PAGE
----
New mines needed in Victoria by 2030: MCA

The Victorian mining industry had an economic output of $1 billion in 2020-21, sustaining more than 4700 full-time jobs, according to a report commissioned by the Minerals Council of Australia (MCA).

By analysing the expenditure patterns of five major resource companies, the report from Lawrence Consulting determined $510.1 million had been directly spent by Victoria’s mining sector while the remainder was created indirectly.

Promisingly for the Victorian economy, the survey found that 58 per cent of the spending on goods and services stayed in Victoria.

“Central Victorian businesses were supported by $50.6 million in purchases of goods and services from 520 local businesses, almost $90 million in wages and $2.3 million in voluntary contributions to 38 community organisations,” MCA Victoria executive director James Sorahan said.

The region to benefit most from direct spending was the Greater Bendigo local government area, ($130.2 million), followed by Melbourne ($86.6 million) and the Northern Grampians ($73.7 million).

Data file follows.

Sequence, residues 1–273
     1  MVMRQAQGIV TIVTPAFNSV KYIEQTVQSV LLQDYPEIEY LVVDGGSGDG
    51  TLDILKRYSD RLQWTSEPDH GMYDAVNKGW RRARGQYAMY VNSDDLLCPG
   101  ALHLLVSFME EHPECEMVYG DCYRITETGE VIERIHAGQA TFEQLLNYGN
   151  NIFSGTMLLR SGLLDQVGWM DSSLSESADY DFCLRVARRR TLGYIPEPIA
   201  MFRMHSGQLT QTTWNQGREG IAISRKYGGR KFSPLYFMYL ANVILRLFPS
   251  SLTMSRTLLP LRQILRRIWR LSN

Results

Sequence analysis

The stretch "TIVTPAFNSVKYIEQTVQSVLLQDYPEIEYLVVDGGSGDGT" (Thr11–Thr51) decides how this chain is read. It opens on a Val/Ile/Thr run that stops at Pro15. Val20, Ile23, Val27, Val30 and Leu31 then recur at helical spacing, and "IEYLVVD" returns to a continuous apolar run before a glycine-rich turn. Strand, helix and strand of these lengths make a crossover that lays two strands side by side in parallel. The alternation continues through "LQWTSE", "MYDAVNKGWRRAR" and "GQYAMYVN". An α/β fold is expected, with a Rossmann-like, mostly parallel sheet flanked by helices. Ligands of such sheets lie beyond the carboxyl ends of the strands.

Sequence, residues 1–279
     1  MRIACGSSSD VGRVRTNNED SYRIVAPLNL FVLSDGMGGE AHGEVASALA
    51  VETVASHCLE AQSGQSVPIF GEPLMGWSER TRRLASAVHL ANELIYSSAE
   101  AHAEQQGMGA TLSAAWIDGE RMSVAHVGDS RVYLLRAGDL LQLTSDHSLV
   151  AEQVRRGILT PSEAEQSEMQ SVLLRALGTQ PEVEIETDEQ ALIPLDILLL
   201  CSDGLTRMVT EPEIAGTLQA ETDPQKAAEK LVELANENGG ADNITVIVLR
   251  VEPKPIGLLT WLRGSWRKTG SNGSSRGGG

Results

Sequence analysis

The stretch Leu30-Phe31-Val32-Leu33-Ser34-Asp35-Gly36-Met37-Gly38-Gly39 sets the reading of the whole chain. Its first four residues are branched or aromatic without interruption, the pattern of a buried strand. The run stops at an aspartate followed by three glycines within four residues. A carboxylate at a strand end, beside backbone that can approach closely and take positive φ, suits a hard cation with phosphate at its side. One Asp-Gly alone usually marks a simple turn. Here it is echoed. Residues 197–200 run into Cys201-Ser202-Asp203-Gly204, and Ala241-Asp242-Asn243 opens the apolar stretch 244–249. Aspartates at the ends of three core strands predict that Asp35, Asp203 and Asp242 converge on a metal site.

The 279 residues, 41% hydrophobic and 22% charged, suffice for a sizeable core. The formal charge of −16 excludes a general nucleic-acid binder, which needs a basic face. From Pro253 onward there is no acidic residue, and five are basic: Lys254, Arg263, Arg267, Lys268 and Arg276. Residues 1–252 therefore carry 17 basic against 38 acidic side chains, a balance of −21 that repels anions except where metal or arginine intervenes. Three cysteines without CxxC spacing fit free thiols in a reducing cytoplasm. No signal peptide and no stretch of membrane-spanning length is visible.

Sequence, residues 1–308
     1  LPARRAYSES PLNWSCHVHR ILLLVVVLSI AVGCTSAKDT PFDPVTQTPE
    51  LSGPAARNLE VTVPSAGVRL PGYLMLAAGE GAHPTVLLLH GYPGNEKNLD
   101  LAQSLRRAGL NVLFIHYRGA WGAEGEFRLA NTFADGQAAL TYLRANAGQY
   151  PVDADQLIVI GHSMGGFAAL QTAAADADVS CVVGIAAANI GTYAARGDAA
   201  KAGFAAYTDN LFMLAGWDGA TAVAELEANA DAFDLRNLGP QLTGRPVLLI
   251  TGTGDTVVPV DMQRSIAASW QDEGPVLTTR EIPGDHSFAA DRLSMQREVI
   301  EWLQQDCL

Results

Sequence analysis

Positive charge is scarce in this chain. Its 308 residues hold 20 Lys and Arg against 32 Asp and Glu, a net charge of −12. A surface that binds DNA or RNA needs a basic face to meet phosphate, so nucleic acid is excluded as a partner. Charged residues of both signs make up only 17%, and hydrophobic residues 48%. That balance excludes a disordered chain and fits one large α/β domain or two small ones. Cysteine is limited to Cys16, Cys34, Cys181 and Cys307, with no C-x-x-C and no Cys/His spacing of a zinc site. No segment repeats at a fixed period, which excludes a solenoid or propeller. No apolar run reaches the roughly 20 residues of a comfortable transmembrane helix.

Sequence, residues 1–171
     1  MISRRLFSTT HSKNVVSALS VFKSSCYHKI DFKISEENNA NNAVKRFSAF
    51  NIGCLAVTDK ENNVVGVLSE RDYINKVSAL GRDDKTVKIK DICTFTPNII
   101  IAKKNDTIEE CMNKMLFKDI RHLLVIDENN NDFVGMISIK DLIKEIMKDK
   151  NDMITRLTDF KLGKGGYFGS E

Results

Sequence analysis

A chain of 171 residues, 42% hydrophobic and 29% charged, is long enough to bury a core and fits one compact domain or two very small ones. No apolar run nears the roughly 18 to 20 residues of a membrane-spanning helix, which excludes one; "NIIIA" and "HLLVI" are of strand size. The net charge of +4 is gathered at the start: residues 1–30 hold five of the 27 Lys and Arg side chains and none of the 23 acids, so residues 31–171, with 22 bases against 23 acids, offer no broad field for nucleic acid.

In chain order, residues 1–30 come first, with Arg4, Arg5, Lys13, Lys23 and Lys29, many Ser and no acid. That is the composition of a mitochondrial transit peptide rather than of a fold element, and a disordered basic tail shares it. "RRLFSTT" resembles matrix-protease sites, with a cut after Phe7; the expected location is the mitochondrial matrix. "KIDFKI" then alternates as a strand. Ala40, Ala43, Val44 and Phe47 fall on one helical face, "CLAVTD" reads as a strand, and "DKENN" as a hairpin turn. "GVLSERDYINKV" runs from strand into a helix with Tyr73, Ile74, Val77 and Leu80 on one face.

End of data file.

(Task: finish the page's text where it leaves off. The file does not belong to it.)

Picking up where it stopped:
Sorahan said the report provided good reason to continue the sector’s expansion.

“The impact of a mine on a local economy is overwhelmingly positive by creating high wage regional jobs and spending on local suppliers,” he said.

“The contribution to regional economies demonstrated by this survey can be replicated across regional Victoria as the industry grows and more mines are opened.

“Victoria should aim to have multiple new mines by the end of the decade to make the most of Victoria’s rich resources of gold, mineral sands and base metals to support regional development, diversify Victoria’s economy and supply the critical inputs to modern technology Victorians use every day.”

To read more from the survey, click here.

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